The aim is “net zero”: Germany aims to become climate neutral by 2045. Can this be achieved? Where are we on the road to achieving climate neutrality? And how much will it cost? A team of systems analysts from Forschungszentrum Jülich took stock of the reality. In their study, which they presented today in Berlin, the scientists concentrate on 2030 as it represents one of the key milestones.
Yes, net zero by 2045 is still possible; it is “still possible to calculate” in the highly detailed analyses of the Jülich systems analysts. However, the scientists’ models also show that 2030 represents a cut.
“To achieve the targets of the German Federal Climate Change Act (KSG), comprehensive measures need to be in place by 2030 in all sectors,” explains Detlef Stolten, director of the Jülich subinstitute of Techno-Economic Systems Analysis. “In addition, the groundwork must be laid for subsequent steps if climate neutrality is to be achieved by 2045. What we do in the next seven years is critically important.”
Massive expansion of wind energy and photovoltaics
Renewable energy must be expanded. “The substitution of fossil energy carriers will lead to an increasing electrification of the German energy supply sector,” says Felix Kullmann, lead author of the study. “This concerns all sectors: transport, industry, residential, commercial.” This in turn will lead to a much higher level of electricity consumption. “And on top of this, the room we have to manoeuvre is getting smaller and smaller.”
If the costs associated with the necessary expansion of renewable energy are to be minimized, then plant capacity must be considerably increased every year until 2030: at the moment, annual expansion rates of around 2 gigawatts would be required for wind power capacity and of 8 gigawatts for photovoltaics. According to the Jülich researchers’ calculations, a two- to fourfold increase in capacity is required at a minimum for both.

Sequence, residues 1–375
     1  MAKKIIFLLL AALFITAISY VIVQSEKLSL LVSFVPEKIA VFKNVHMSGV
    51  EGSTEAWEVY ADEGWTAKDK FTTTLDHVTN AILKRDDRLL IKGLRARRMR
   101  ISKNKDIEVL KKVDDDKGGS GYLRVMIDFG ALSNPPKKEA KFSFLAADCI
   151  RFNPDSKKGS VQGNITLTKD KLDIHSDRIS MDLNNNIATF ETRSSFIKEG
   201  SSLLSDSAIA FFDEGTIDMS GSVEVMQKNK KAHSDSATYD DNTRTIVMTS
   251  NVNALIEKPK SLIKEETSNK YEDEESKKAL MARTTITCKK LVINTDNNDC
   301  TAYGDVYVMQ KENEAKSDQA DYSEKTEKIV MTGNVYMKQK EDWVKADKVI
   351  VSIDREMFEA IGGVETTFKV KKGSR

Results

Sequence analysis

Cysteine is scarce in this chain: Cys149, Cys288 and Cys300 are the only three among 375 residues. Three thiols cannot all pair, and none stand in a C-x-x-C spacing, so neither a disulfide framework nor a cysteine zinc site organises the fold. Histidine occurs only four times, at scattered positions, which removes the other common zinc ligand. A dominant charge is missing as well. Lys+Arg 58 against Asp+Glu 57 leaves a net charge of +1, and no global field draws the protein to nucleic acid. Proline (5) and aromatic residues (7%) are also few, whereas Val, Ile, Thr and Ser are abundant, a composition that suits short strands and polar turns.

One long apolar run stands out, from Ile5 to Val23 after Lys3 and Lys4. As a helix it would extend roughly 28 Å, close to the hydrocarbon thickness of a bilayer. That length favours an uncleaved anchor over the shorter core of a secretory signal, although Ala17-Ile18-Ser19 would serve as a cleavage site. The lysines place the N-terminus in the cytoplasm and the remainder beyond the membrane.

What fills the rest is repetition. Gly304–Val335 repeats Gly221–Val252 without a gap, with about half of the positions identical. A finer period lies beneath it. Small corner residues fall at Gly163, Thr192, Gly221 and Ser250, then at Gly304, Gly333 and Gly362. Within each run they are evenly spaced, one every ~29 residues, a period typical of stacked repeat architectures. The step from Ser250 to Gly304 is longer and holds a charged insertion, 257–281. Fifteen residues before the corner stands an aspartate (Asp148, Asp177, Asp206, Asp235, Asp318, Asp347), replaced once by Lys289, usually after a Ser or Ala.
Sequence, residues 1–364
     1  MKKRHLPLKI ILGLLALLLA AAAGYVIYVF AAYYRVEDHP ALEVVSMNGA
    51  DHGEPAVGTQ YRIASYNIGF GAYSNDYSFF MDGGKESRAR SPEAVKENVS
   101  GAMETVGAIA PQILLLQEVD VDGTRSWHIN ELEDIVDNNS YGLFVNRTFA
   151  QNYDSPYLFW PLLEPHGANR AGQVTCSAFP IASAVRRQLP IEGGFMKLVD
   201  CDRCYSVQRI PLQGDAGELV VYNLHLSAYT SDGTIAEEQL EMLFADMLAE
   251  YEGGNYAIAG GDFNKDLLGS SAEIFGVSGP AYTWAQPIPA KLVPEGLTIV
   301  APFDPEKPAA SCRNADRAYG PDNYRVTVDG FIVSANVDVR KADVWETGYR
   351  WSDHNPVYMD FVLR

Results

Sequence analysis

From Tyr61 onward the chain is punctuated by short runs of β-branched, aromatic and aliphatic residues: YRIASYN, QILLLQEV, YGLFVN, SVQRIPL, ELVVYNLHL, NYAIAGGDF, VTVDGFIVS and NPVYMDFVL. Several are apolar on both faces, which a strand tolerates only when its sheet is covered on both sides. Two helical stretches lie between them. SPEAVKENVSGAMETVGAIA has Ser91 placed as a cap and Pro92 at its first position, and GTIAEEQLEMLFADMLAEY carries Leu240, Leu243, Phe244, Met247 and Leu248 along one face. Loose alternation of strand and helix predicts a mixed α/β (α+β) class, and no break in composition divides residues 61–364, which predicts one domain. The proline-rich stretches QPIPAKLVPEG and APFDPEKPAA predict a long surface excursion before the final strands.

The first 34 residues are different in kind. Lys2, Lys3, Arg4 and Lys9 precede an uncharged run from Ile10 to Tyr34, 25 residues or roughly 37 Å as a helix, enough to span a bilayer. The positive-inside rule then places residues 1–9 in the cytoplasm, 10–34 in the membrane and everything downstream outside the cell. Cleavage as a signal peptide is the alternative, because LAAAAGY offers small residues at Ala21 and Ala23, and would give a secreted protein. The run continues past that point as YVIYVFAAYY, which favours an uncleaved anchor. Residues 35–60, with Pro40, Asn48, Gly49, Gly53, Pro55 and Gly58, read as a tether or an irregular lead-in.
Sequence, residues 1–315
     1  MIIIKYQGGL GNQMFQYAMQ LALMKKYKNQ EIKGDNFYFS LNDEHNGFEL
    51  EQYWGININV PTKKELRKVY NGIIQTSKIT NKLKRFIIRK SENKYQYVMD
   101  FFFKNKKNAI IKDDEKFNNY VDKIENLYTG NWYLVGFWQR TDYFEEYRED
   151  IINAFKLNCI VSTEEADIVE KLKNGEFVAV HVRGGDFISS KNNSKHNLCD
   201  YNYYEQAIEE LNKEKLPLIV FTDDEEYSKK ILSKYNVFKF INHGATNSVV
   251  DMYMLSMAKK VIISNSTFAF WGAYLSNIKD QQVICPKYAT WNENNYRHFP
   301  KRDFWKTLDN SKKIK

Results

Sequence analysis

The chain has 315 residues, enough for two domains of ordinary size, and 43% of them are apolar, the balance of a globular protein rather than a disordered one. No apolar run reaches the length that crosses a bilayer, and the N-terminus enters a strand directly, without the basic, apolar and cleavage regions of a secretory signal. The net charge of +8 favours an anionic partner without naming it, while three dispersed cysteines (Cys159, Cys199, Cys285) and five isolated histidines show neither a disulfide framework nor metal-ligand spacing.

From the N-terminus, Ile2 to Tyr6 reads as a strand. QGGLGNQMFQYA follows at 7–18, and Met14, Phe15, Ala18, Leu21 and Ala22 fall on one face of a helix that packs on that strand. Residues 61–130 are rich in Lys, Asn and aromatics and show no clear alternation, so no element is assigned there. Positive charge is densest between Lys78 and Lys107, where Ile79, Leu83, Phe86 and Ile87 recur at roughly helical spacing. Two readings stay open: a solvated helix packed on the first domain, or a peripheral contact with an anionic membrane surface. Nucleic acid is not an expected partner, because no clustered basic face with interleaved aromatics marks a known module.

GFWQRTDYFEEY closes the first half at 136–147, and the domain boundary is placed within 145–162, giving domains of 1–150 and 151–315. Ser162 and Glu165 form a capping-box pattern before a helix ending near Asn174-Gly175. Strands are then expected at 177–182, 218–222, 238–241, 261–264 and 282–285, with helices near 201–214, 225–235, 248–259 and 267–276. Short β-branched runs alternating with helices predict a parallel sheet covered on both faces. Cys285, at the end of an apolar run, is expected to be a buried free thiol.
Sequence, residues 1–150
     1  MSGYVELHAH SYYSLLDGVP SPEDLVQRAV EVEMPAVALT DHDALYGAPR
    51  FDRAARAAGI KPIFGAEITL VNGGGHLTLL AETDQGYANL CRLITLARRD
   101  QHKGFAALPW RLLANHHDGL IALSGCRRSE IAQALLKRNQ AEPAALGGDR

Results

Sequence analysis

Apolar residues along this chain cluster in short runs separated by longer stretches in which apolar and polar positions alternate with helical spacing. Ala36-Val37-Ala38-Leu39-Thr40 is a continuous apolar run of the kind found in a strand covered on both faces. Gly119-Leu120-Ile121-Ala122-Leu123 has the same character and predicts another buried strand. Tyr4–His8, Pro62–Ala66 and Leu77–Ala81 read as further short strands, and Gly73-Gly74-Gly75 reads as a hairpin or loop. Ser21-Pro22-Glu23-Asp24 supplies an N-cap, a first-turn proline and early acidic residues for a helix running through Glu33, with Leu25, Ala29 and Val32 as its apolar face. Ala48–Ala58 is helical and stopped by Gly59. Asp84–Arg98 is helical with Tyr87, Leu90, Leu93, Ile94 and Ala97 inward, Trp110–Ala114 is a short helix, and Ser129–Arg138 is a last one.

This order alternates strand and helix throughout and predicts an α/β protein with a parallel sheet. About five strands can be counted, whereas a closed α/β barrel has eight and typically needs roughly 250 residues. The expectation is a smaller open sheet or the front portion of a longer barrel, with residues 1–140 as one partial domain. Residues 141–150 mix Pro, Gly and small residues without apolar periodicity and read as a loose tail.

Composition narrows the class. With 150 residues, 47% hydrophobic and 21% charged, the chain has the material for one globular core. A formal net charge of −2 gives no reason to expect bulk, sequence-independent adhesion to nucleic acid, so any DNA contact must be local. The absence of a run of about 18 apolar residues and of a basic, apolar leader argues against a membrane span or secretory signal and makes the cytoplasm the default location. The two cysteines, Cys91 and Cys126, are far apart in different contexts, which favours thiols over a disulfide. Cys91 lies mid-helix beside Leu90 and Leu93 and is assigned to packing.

Course must be set early
Other cornerstones of a climate-neutral supply include increased energy efficiency (the most climate-smart kilowatt hour is the kilowatt hour that is simply not used) and heat pumps, which are due to account for 21 % by 2030. To ensure that they are operated as efficiently as possible, heat storage systems must also be expanded. Just as important for Germany’s transition to renewable heating is the refurbishment of existing buildings. “This needs to be reflected in increased incentives for insulation measures or the replacement of old windows,” says Felix Kullmann.
The demand for hydrogen will increase rapidly from 2035: In addition to increasing installed domestic electrolysis capacity, Germany will also need to create options for importing hydrogen beforehand, as more than half of the required hydrogen will have to be imported. “Biomass is another important cornerstone,” says Kullmann. By 2030, close to 14 % of primary energy use will be covered by biomass. This will rise to 20 % by 2045. “This is why we must harness the as yet untapped potential of biogenic waste and residual materials, and we must begin to expand the areas of land used for the cultivation of energy crops before 2030.”
And finally, it will be necessary to remove CO2 from the atmosphere. “Climate neutrality will be impossible without the permanent storage of CO2,” explains Detlef Stolten. “In 2045, we will have to deal with more than 70 million tonnes of CO2 in residual emissions that cannot be avoided. These will have to be compensated for by an equal amount of negative emissions. By 2030, suitable geological reservoirs must be found for the captured CO2 and the legal framework must be established for the permanent storage of CO2.”
The study is based on detailed calculations performed using the ETHOS model suite, which was developed by Jülich scientists specifically for this task. It enables a scientifically founded analysis of cost-effective strategies and measures aiming to achieve greenhouse gas reduction targets.
The ETHOS computer models depict the German energy supply with its generation pathways and all of its interactions – in great temporal and spatial detail. This includes the future integration of energy imports and exports as well as an infrastructure analysis that accounts for all relevant energy carriers – electricity, gas, hydrogen, heat.